Several reasons have been hypothesized to explain why, despite preclinical and clinical evidence implicating MMPs in tumor growth and metastasis, clinical trials of MMPIs were unsuccessful (5, 17, 19). First, the difference between human and murine biology may at least partially explain the ineffectiveness of these drugs (64). Mice live 2–3 years, a 25-fold shorter lifespan than humans. This leads to many more cell divisions in human cells, allowing them to acquire many more oncogenic mutations than in the mouse (65). In mice, growth and spread of malignancy happens quickly, and aggressive tumors may grow locally before metastasizing late in the course of the disease, killing the animal in a matter of weeks. Conversely, in man cancer takes months or even years to grow to the point of invasion and metastasis, although aggressive human tumors may metastasize more quickly relatively to the mouse.
Most models of malignancy in the mouse used for preclinical studies provide a means to study localized cancer, as cells are injected subcutaneously or (more rarely) into the organ of interest to form a site-specific tumor. This leads to the formation of a primary tumor that can grow to a size of 10% or more of the host's weight in a short time and without metastasizing. In contrast, human cancers grow much more slowly to a much smaller relative size; and clinically undetectable tumors can spread numerous metastases. Most preclinical mouse models of metastatic cancer artificially introduce metastasis by bolus injection of tumor cells into the blood stream, which causes many metastatic sites to develop at once. This contrasts with humans, in which malignant cells are shed slowly and constantly into the blood or lymphatics, and lead to the gradual formation of metastases over time. Many human cancers form through a progressive process of metaplasia leading to dysplasia, malignancy in situ, and then invasive cancer. While some mouse models of spontaneous malignancy do mimic this process, most MMPIs were trialed preclinically using a tumor bolus to form metastasis, which may explain why preclinical successes failed to translate into successful clinical trials (66).
The genetic setup of mouse models of cancer may also contribute to the lack of success in translating preclinical work. It is well known that human tumors are genetically heterogenous; as tumor cells metastasize, they continue to acquire new mutations, and therapy selects for resistant clones, making metastatic cancer incurable. In contrast, most mouse models of metastatic cancer consist of bolus injection of an immortalized cell line that is genetically homogenous, and the relatively short duration of experiments provides little time for mutations to arise and expand, all of which provides an overly simplistic system in which to trial new therapeutics. The tumor microenvironment is also different in humans and mice, which may lead to a different outcome when MMPs are inhibited preclinically versus clinically.
MMPI specificity has also been challenged as a possible reason for failure of the clinical trials. Early MMPIs such as batimastat were nonspecific and inhibited virtually all MMPs. Even later, more specific MMPIs still targeted a number of MMPs. While most MMPs have been associated with poor prognosis and metastatic spread, over the past decade it has become apparent that some MMPs have antitumorigenic activity; that is, they are drug antitargets whose beneficial actions should not be contrasted. MMP-3, -8, -9, -11, -12,-19, and -26 have been validated as antitargets in vivo; they inhibit angiogenesis and metastasis in experimental models; and low levels of these MMPS are associated with shorter survival in cancer patients (67). Deregulation of TIMP family members also has an effect on these protective MMPs, and broad MMP inhibition by MMPIs and natural inhibitors may have contributed to the failure of clinical trials.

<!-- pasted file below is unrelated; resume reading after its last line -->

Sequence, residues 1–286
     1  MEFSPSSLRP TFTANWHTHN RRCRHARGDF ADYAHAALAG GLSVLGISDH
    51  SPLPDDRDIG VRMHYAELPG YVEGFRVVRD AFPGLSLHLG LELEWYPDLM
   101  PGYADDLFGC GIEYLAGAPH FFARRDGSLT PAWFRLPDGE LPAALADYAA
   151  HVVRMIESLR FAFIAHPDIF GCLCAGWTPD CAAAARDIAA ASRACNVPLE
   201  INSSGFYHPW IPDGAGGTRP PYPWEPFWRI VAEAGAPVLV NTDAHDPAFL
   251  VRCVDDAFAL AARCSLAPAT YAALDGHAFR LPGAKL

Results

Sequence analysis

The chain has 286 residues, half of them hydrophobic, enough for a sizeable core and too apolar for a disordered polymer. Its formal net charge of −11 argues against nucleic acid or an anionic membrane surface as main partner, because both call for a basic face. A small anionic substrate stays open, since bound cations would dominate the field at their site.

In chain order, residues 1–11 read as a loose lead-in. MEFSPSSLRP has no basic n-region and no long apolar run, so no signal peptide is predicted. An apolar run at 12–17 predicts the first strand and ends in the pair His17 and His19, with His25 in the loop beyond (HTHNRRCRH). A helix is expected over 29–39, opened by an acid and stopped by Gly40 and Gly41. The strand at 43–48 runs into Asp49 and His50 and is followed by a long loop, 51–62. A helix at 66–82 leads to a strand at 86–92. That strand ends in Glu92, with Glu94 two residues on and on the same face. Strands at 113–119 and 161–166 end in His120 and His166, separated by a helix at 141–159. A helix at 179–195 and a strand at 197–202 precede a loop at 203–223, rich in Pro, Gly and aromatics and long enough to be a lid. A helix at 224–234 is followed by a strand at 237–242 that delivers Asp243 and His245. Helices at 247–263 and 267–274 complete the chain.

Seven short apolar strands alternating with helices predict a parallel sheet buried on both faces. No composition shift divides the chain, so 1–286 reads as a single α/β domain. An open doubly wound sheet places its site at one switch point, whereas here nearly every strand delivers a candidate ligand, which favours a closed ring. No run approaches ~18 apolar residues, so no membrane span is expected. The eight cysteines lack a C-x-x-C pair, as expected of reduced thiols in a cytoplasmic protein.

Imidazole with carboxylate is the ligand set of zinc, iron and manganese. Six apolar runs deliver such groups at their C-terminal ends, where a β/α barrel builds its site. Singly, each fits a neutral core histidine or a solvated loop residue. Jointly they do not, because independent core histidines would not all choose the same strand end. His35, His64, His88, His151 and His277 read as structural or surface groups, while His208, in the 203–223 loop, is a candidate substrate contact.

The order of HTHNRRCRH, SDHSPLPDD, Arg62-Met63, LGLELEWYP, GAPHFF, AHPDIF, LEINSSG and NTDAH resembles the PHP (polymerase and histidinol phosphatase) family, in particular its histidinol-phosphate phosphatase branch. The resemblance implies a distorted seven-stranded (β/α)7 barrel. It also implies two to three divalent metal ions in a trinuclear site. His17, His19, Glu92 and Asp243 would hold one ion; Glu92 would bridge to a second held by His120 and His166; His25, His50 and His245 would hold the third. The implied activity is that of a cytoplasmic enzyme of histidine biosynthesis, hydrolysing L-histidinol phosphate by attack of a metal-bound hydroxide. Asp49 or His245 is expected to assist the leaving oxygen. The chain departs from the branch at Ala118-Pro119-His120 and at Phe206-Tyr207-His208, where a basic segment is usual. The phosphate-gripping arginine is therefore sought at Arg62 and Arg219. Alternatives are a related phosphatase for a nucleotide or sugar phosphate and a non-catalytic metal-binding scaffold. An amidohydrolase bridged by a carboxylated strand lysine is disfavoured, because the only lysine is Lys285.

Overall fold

MMPs have wide-reaching effects. Inhibiting physiologic ECM remodeling led to unforeseen side effects such as the musculoskeletal syndrome, observed to some degree with nearly all the MMPIs tested (55). As the effect was found to be reversible, some later trials used lower doses than the early trials, which may have led to suboptimal dosing strategies.
Perhaps most importantly, the clinical trials were performed without regard for disease stage. MMPs act in the earliest stages of tumor progression when primary tumor cells begin spreading. Preclinical testing reflected this concept, successfully inhibiting early-stage cancers and hematogenous metastases, while having less effect on large tumors. However, clinical trials were performed almost exclusively in the metastatic, refractory setting, beyond a time when MMP inhibition is expected to be effective (68). To mimic treatment in the premetastatic setting as early as possible after diagnosis and before surgical excision, in the “window-of-opportunity,” we designed a preclinical murine model of aggressive triple-negative breast carcinoma. The animals were treated with SD-7300, a specific inhibitor of MMP-2, -9, and -13, or control vehicle for 7 days after the primary tumor became detectable. We then excised the tumor and sacrificed the mice for analysis of lung metastases one month later. This “window-of-opportunity” treatment significantly decreased metastatic burden and increased survival relative to vehicle-treated controls (17). Therefore, to obtain a therapeutic benefit MMPIs should be trialed in the earliest, premetastatic setting, where MMPs act (13, 19).
What Can We Do Next?